Was The Dallas Earthquake Caused By Natural Gas Fracking?

According to a scientist with the University of Texas at Austin’s Institute for Geophysics, the magnitude 3.4 earthquake and related aftershocks felt in the Dallas area on Saturday, September 29th, 2012 were caused by the storage of wastewater from hydraulic fracturing (fracking) of natural gas.

Fracking involves pumping large amounts of water, sand, and chemicals into the ground to break up shale rock formations and free up long trapped natural gas.  This process results in large quantities of wastewater that must be deal with.  One common method of dealing with wastewater is pumping it deep underground into large reservoirs.

One such wastewater injection well was opened on an area of land just south of DFW airport in 2007.  According to the scientist, the DFW area has since experienced multiple earthquakes of greater than 3.0 magnitude.  This is despite the fact that the area had never recorded a single earthquake of that size prior to 2008.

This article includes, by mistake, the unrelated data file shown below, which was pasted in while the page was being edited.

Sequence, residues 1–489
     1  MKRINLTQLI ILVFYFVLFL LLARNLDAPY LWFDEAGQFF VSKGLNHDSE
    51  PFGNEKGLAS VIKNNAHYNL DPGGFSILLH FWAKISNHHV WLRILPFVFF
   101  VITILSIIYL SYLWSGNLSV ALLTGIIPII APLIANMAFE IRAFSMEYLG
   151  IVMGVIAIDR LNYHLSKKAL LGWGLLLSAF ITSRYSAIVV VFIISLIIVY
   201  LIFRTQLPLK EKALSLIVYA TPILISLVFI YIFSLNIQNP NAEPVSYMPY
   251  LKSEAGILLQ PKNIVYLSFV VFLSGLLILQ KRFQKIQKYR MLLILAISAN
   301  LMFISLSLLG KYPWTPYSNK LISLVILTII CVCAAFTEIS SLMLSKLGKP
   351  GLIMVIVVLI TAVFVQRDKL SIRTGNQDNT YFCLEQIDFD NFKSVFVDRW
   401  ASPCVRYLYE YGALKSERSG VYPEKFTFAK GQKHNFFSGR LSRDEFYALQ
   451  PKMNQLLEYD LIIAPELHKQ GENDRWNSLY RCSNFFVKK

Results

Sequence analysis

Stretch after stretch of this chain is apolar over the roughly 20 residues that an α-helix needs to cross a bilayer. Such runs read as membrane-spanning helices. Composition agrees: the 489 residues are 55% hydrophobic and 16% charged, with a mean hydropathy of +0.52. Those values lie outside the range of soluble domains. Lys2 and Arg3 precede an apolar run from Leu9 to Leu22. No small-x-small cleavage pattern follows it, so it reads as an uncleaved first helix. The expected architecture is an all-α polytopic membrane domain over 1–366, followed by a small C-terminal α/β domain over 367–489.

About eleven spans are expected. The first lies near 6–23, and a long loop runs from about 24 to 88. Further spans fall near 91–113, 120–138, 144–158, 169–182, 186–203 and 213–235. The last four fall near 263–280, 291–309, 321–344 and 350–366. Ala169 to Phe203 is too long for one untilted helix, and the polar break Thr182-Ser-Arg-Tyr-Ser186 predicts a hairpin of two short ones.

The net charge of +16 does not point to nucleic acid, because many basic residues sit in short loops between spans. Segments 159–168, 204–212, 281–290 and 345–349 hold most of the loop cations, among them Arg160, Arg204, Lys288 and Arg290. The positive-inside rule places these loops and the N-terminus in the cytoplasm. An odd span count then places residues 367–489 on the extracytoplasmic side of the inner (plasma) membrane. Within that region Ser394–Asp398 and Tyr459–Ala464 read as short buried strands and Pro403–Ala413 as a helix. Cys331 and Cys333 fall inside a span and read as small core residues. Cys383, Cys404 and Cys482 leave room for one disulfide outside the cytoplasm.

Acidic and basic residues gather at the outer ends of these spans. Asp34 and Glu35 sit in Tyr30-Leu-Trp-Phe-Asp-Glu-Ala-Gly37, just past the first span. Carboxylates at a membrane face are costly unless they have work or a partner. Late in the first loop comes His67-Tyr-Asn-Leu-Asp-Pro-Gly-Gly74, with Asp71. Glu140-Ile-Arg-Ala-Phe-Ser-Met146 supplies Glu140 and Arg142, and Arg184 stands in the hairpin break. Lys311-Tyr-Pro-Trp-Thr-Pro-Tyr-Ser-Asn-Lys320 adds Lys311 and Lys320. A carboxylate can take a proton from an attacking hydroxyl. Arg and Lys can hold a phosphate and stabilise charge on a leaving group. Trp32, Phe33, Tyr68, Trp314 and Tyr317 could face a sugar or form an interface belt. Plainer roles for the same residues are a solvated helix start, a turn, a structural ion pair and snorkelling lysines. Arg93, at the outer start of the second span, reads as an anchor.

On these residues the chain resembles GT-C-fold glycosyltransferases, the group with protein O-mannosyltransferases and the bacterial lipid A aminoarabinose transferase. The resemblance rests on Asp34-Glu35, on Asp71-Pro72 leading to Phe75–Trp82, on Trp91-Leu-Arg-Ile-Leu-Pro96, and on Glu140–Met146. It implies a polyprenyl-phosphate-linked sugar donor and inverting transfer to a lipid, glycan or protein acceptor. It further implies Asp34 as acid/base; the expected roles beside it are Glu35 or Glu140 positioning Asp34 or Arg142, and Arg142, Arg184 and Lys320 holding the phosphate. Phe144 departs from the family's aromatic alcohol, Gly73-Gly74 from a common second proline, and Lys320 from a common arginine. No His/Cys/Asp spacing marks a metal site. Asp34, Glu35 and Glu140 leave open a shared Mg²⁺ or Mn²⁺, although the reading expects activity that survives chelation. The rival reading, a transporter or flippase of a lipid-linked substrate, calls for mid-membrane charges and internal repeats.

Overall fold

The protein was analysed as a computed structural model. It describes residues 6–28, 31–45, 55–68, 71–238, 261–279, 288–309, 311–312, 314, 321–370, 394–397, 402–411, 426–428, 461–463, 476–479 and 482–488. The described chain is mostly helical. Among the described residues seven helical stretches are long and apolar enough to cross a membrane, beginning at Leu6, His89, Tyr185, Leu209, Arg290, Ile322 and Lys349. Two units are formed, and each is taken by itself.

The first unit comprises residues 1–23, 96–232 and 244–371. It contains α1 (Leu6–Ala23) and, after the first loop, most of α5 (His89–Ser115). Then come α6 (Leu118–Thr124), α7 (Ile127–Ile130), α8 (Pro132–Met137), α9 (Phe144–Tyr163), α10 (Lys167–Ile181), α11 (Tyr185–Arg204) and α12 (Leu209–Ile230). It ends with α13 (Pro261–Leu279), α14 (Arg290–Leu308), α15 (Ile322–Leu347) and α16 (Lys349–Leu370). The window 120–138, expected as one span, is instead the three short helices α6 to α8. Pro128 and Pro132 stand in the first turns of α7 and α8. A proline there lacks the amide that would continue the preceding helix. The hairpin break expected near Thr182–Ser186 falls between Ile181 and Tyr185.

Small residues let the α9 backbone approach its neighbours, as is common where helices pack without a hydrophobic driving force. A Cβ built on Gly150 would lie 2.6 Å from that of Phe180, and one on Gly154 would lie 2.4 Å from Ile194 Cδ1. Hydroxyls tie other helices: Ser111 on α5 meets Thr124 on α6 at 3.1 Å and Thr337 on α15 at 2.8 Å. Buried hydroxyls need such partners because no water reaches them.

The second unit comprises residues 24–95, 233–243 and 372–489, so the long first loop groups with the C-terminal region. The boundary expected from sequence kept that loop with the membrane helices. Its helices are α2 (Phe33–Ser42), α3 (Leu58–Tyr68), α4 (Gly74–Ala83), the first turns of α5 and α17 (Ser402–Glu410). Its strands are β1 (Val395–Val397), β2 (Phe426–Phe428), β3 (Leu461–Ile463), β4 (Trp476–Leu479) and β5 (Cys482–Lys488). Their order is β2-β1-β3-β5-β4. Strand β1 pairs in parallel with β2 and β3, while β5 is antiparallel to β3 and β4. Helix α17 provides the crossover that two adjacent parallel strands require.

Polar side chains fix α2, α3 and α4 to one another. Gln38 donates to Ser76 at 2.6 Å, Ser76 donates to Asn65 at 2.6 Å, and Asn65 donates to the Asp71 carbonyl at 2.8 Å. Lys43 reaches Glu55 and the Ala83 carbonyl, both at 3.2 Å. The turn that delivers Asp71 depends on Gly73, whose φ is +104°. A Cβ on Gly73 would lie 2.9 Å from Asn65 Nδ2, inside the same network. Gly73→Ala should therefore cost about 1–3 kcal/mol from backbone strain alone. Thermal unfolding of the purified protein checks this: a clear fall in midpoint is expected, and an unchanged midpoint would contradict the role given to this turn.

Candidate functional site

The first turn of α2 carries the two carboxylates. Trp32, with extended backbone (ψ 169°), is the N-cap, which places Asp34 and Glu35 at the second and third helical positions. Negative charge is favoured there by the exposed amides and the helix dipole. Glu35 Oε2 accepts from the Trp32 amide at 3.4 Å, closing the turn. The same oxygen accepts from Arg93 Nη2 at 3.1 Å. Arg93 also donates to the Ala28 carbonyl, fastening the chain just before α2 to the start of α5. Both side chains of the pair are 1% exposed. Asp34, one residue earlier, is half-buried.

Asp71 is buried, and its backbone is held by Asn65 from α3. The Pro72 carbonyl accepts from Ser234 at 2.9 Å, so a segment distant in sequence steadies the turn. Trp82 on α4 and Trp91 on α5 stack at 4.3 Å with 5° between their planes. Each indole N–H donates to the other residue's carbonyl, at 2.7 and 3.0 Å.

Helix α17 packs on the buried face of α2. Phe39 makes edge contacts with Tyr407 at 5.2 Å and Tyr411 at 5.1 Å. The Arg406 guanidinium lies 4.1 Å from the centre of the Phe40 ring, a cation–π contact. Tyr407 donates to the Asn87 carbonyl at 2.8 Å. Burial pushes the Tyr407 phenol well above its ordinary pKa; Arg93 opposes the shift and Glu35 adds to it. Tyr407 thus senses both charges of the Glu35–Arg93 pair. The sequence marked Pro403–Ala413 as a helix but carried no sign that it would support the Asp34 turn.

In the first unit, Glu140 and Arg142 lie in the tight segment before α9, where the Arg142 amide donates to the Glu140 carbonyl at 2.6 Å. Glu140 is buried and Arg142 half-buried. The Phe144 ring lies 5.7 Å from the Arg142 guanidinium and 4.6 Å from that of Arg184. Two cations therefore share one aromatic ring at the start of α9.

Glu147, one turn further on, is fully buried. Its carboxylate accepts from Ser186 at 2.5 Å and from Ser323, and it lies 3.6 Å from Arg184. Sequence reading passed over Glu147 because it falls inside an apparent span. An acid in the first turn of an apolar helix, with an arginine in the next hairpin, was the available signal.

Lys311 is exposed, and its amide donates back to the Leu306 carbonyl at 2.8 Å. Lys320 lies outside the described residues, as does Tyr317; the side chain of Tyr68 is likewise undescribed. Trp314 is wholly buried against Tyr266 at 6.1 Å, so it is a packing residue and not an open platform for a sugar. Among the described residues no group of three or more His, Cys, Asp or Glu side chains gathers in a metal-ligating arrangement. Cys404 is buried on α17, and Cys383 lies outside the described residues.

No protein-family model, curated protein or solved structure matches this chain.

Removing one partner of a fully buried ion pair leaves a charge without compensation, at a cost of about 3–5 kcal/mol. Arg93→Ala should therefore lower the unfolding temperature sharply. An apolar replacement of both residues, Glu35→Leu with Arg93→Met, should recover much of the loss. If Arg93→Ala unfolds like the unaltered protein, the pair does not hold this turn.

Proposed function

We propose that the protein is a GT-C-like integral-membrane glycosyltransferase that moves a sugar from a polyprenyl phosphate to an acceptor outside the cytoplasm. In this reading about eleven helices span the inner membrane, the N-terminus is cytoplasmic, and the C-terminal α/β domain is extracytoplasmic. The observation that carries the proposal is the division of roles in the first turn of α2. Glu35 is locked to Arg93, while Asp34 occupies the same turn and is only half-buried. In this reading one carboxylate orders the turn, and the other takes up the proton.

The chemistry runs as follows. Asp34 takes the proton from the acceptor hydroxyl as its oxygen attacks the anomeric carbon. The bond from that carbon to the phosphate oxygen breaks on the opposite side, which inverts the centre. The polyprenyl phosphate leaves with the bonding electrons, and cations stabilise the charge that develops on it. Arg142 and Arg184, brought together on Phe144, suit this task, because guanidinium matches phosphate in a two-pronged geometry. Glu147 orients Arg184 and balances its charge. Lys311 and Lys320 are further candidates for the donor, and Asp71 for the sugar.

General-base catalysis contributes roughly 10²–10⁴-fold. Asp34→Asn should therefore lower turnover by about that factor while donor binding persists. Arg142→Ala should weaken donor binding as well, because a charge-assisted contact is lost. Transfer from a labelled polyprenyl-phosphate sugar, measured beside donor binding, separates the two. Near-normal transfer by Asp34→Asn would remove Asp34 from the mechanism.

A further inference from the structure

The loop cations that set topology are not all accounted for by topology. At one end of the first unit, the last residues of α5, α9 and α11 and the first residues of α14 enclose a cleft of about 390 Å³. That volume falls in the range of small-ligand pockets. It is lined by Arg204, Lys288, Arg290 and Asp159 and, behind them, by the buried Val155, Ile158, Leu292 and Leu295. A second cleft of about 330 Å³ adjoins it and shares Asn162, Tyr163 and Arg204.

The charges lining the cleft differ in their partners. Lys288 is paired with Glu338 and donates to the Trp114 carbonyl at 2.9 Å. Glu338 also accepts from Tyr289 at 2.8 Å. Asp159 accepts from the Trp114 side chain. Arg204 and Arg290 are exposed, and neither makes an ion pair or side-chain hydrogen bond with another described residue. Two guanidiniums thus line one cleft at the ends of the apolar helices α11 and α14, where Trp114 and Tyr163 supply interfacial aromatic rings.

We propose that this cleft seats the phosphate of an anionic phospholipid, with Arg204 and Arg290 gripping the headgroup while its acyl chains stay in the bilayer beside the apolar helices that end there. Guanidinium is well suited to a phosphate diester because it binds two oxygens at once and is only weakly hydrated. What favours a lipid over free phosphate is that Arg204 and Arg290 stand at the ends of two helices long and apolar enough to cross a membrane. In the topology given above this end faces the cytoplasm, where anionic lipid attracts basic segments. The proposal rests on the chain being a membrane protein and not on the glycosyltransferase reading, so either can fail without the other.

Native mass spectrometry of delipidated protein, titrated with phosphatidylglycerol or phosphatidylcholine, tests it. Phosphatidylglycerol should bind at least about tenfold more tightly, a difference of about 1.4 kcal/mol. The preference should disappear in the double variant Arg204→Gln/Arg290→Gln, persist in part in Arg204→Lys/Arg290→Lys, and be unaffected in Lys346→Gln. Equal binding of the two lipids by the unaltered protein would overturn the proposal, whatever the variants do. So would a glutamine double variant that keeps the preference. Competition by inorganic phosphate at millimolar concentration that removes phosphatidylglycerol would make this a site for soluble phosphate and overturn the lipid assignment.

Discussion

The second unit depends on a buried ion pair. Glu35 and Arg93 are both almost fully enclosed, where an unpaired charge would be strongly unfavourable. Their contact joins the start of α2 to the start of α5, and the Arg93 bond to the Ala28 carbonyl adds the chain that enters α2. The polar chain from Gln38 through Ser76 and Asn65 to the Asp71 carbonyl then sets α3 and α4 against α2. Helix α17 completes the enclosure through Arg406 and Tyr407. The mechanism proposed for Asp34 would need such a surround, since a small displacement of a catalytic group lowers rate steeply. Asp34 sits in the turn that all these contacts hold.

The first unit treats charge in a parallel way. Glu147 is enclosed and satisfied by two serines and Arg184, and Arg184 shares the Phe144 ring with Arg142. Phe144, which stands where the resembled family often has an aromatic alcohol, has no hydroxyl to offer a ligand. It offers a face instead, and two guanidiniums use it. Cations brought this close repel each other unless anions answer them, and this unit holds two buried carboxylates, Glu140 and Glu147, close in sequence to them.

The Good with The Bad

Dallas electricity rates, like the rest ofTexas, have been the cheapest rates seen in a number of years.  This is due largely to the natural gas boom in the state.  A large portion ofTexas electricity is generated from natural gas.  The increase in natural gas production has meant cheap natural gas prices.  This has lead to cheap electricity.

The link between fracking and earthquakes is not new.    A study recently published in the journal Proceedings of the National Academy of Sciences found that 24 earthquakes over a 2 year period from 2009 to 2011 in the area of the Texas Barnette Shale formation had epicenters within 2 miles of one or more wastewater injection wells.   

Saturday’s earthquake was felt in parts of Irving, Grand Prairie, Hurst, and the DFW area.  It prompted a number of 911 calls but resulted in no reported injuries. 

See Also: Will Texas Switch To A Capacity Market For Electricity?